At the mosque, it was heartwarming to see the letters of support and the tributes on the walls outside, as well as the number of people who came to pay their respects. As I walked up Marion Road to the mosque, a variety of people were walking towards the mosque to be a part of this vigil to show their love and concern for a community that was clearly hurting. There were families with babies and the elderly, you name it—every person in society was covered and they were walking a long way to get there. It was wonderful to see.

A few people have mentioned this, but I will mention it as well: in my position as Minister for Police and Emergency Services, I would like to recognise the hard work of the police and emergency services personnel in Christchurch and throughout New Zealand during this time. There is an element of me that does not want to think about the scenes that these people would have confronted, but it is hard not to think about it. Through the tyranny of distance, we have the luxury of only imagining what they would have seen and what they would have had to deal with. If you take a moment to consider that, your hearts will go out to all those emergency services personnel who had to deal with what they were confronted with.

The Police Federation of Australia has also acknowledged the tireless work of first responders, the investigators, the armed response officers, the crime scene examiners, the police media officers and others who played a crucial part in establishing exactly how this terrible tragedy unfolded. I note that paragraph (e) of this motion condemns terrorism and extremism in all its forms. I concur with what others have said, that these actions clearly stem from hate.

This act and others like it stem from hate. As a society, and as members of this place, we need to keep working to end hate and to push love because we are all people living on this earth together. We might have differing opinions and differing views and this parliament, perhaps, is a great example of that. We can often disagree with people on the other side, but there is no hate.

Fundamentally, we all want to achieve the same outcome: to make a better state, to make a better environment for the people who live here. We might have differing views on how it should be done and we can debate and argue over those, and we can disagree vehemently, but there is not hate. There is no place for hate in this world; love is what we need to strive for. I strongly push for everyone in this place to have that in their mind as we go forward. I truly believe that everyone in this place is about promoting love.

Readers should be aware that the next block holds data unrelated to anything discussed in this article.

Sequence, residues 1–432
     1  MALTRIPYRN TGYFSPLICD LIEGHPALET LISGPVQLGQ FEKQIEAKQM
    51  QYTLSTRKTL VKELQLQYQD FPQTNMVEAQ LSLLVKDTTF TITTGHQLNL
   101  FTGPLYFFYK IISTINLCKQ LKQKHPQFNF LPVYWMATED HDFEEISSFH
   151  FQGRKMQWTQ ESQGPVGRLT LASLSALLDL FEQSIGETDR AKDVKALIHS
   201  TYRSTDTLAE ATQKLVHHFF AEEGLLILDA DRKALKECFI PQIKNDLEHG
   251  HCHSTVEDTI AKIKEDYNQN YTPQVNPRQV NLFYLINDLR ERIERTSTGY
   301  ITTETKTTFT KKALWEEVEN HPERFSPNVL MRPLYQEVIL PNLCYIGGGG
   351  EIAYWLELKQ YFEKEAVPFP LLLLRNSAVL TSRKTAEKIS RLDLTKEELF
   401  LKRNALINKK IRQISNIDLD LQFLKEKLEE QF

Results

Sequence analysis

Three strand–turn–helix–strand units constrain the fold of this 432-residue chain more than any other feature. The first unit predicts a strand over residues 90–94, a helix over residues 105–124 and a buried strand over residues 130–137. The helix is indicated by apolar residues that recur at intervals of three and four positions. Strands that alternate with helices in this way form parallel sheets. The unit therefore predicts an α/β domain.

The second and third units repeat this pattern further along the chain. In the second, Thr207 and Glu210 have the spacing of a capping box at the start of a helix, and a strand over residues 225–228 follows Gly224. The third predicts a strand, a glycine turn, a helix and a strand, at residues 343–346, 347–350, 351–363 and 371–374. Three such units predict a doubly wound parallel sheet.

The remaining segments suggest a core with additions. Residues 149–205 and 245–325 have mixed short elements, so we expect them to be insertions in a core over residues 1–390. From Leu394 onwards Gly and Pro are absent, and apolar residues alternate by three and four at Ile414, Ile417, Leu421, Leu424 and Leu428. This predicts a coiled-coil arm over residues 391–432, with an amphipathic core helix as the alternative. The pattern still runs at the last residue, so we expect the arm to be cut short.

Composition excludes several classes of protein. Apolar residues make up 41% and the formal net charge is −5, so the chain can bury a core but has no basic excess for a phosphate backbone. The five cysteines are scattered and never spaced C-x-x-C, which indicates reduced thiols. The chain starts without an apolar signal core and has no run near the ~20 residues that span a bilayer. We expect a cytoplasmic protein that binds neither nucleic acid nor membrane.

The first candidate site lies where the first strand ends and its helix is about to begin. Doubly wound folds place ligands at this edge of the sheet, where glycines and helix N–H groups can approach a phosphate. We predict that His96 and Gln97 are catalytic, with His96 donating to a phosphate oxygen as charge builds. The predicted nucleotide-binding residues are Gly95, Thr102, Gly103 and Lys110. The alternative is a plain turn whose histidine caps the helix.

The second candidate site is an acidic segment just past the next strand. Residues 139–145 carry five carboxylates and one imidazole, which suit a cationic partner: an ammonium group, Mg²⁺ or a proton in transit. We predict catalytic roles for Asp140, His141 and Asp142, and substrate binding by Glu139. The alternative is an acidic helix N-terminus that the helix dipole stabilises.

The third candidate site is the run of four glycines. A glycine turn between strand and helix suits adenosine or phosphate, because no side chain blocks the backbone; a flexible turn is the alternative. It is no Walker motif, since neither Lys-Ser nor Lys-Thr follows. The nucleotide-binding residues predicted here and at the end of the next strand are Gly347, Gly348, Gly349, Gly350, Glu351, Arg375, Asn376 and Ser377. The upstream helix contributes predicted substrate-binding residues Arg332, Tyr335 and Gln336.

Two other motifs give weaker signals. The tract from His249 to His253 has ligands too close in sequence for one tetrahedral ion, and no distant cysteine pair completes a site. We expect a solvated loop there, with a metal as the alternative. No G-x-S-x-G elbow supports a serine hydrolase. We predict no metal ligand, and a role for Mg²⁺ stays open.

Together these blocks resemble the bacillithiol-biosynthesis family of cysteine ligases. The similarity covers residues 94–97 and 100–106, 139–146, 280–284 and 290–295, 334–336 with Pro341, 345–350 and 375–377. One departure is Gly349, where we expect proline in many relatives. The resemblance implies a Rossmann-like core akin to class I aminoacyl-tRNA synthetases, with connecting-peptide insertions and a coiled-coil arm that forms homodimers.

I mentioned Professor Mohamad Abdalla, who made a couple of very poignant points at the end of the vigil that were very thorough and covered a lot of key points. Again, there was that theme of love. Professor Mohamad Abdalla raised the point that perhaps a lack of social interaction was at play with these extreme acts of terror that we have seen in society over a period of time. I want to leave this parliament with those points the professor made for us to think about—about how we can grow social interaction in our society and make sure that people are not in a position to be influenced by, in particular, online extremists who capture vulnerable people and impart on them a will to do what we saw in New Zealand recently.

It is something we can work towards collectively as a parliament because it is an area of policy we can help deliver and remove that isolation and bring people together. Professor Mohamad Abdalla probably made the point more poignantly than I did but I thought it was a really great takeaway from his endearing speech at the vigil.